Google may be bringing self-driving cars to the public, but its "pod-car" trial is likely to remain small-scale sources claim amid ongoing tensions with traditional auto makers. Legal concerns insufficiently placated by Google's own promises to take responsibility for self-driving accidents, along with accusations of arrogance on the part of the search giant have left negotiations cold.
Talk of tensions between Google and the big automakers isn't new; last year, reports suggested that discussions had taken place but that the possibility of a deal was dropped. A new Reuters report, however, has gone into greater detail about exactly what the hangups were.
One major issue is said to have been a sense of arrogance auto manufacturers perceived from Google's delegation. The search company and its Google X team are said to have entered the 2012 talks with an attitude of "We know what we're doing, you just help us," according to a representative of an unnamed manufacturer involved.
Google is believed to have been looking more for an OEM than a partnership, similar to how its Nexus phone program works, where a car company would effectively hand over responsibility for the autonomous aspect.
That wasn't going to fly among the manufacturers, however, taking what was claimed to be a more realistic approach to things like liability should autonomous vehicles crash or encounter other issues. Google is said to have promised at least one car company that it would itself take responsibility for any accidents that came as a result of the Google-made autonomous tech, arguing that the scale of the data-logging meant that assigning liability would be an easy matter.
The car firm involved, however, was dubious, pointing out that it would be lawyers, judges, and juries which decided on blame, not the person making the vehicle.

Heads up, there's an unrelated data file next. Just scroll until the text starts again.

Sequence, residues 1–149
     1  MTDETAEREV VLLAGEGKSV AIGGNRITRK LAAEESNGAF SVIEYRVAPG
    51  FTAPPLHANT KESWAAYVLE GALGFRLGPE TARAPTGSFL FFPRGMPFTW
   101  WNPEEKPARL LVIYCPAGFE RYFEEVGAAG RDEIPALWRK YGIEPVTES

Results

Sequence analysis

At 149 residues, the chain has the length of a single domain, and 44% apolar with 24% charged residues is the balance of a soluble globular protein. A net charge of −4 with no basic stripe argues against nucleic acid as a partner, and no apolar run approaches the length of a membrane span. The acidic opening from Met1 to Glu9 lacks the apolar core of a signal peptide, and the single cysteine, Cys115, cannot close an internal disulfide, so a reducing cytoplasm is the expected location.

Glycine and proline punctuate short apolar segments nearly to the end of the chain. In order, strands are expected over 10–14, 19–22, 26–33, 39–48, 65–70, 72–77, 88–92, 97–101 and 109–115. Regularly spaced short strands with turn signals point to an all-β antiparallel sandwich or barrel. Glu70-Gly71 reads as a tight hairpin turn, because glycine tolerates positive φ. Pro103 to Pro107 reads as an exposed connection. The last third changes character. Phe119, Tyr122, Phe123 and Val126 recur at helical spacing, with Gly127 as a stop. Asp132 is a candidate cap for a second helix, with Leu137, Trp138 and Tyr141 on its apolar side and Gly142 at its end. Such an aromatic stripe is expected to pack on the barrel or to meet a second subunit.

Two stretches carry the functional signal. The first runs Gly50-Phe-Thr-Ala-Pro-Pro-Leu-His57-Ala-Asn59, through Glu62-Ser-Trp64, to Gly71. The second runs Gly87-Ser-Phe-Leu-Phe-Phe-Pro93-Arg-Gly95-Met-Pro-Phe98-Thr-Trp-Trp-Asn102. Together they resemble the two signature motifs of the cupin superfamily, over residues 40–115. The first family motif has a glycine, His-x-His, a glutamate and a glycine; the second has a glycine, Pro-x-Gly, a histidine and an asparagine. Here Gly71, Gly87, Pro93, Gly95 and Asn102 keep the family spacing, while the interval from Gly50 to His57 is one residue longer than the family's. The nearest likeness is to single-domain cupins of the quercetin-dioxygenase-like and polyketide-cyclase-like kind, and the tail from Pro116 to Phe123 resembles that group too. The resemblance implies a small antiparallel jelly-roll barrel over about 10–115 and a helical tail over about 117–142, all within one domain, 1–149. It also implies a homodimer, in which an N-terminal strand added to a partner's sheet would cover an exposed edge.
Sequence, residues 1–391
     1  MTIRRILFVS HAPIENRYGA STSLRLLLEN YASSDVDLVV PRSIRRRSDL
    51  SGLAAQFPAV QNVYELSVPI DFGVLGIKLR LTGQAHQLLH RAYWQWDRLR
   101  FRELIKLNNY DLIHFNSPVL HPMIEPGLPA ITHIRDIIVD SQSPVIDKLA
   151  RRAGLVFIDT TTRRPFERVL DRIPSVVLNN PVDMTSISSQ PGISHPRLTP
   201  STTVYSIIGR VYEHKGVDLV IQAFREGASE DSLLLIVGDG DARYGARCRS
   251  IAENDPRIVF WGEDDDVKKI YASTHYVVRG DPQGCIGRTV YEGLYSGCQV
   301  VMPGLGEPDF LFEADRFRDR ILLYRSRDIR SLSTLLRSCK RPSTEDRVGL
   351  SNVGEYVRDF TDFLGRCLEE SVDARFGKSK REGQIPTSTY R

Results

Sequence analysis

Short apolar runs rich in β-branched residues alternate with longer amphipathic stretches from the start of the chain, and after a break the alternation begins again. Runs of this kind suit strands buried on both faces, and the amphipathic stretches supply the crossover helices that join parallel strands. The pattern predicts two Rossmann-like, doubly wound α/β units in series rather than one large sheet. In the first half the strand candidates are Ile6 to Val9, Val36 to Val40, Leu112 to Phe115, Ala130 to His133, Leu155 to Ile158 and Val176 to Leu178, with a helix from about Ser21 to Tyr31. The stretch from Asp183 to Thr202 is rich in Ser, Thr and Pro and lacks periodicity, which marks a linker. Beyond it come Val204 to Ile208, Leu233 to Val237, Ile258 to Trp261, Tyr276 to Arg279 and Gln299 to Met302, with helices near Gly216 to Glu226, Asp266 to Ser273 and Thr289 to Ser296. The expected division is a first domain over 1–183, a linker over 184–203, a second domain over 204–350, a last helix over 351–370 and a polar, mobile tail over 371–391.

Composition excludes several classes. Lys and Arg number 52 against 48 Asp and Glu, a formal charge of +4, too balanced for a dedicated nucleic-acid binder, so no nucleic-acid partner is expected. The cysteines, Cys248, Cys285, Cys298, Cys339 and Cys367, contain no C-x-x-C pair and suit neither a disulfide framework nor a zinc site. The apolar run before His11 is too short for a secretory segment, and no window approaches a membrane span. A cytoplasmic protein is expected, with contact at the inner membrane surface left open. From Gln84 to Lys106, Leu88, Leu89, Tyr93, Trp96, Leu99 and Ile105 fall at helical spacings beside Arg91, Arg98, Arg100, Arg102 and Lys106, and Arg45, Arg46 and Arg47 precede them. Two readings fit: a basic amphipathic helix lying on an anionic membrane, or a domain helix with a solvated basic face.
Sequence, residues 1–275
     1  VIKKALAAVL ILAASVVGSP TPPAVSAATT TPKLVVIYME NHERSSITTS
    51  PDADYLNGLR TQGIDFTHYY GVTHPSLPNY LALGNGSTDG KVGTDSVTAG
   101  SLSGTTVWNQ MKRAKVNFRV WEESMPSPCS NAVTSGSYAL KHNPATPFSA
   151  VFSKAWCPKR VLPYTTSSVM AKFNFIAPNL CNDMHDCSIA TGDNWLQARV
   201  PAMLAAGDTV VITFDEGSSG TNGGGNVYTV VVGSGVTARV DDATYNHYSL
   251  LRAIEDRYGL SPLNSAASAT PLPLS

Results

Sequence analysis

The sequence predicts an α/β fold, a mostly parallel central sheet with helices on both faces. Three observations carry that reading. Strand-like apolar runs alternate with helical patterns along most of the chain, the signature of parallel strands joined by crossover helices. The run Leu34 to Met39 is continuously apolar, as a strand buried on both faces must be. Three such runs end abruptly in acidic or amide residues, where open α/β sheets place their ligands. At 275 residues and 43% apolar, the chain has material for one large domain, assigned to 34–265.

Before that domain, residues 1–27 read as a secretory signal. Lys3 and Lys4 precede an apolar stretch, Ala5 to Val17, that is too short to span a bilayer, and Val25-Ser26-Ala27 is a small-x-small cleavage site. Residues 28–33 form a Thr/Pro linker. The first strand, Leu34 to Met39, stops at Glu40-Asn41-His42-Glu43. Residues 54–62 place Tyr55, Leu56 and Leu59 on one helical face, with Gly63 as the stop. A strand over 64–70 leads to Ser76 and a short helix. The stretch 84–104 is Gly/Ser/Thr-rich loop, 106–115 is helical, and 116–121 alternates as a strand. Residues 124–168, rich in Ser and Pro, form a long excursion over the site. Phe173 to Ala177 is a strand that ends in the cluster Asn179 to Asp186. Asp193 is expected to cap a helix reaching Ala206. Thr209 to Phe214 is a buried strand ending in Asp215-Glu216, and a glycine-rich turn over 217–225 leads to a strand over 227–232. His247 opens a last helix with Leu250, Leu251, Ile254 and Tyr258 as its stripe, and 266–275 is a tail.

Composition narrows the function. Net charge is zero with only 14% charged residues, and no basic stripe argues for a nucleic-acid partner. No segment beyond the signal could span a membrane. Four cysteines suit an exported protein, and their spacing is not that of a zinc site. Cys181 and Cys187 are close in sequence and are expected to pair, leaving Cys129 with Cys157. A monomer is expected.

That could be complicated by what access manufacturers have to mapping data, which is becoming increasingly detailed so that self-driving cars can sufficiently navigate without driver involvement. Initially, Google's "pod" cars will have limited range, curtailed by the extent of the higher-resolution maps.
Such limits could end up narrowing the markets where car companies could offer their own vehicles, leaving them dependent on Google's mapping efforts before sales could expand to new territories.
Despite the tensions - described as Google and automotive firms "talking a different language" - Google remains in close contact with some of the companies, it's said, including talking on a weekly basis with at least one. Industry insiders expect some sort of deal to be inevitable if Google's ambitions are to go anywhere beyond relatively small-scale trials, too, since the costs involved in launching a regular vehicle, never mind an autonomous one, are vast.